Thursday, 6 October 2011

WW1 POW record searches suspended

A huge thanks to the Institute of Heraldic and Genealogical Studies (www.ihgs.ac.uk) for news on the WW1 POW front.

The International Committee of the Red Cross has been digitising documents used to reunite prisoners with their next of kin as held in the collections of the International Agency for Prisoners of War (1914-1919) (www.icrc.org/eng/resources/documents/misc/57jqgr.htm) . As a consequence of the pressures on them to get the project done for the 2014 centenary, public research and research requests have now been suspended until further notice. The records will be made available online in due course. Request made prior to August 2011 will still be honoured - the full announcement is at www.icrc.org/eng/resources/documents/article/other/archives-first-world-war-2011-07-27.htm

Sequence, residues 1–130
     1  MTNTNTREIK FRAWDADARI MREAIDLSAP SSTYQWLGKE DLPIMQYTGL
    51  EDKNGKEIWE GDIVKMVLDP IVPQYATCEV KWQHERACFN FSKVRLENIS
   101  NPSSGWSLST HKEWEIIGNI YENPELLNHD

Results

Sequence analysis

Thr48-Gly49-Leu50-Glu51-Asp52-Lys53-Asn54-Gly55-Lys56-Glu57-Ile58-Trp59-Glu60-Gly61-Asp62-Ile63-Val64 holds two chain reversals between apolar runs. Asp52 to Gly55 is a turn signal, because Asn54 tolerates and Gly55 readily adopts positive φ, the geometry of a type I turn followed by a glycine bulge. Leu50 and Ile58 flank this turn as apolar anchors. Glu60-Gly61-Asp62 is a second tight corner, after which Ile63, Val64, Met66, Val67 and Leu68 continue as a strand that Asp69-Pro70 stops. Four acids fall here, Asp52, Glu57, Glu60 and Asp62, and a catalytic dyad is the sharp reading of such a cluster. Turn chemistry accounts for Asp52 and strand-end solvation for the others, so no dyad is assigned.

I actually made an application to the ICRC some time ago, and about six months back received a letter after a year's wait saying it would cost something in the order of £80 for them to carry out the search - after a wait of about a year or so. A couple of more years will suit me just fine! lol

If your ancestor was a civilian who was interned in Germany in WW1, or a member of the merchant navy, please consult my The Ruhleben Project, which provides short biographical extracts of about 2000 of the 5500 POWs interned. The site is free, but in desperate need of an update, so please bear with me! It can be viewed at http://ruhleben.tripod.com

(With thanks to the IHGS)

Chris

3 comments:

morseman said...

On behalf of my wife I made application to the ICRC on 13 Jan 2011 regarding her father who was taken prisoner by the Germans in March 1918.She received the relevant information from ICRC on 21 Jan 2011-Free of charge.

Chris Paton said...

That's great to hear - clearly I must have had someone on an off day!

Chris

morseman said...

But when we asked the appropriate authority for the Lair No. of a deceased family member buried in the Western Necropolis Glasgow in 1939 we had to pay £56 upfront.And although we gave all the necessary details it was six weeks before we got the information.


Bill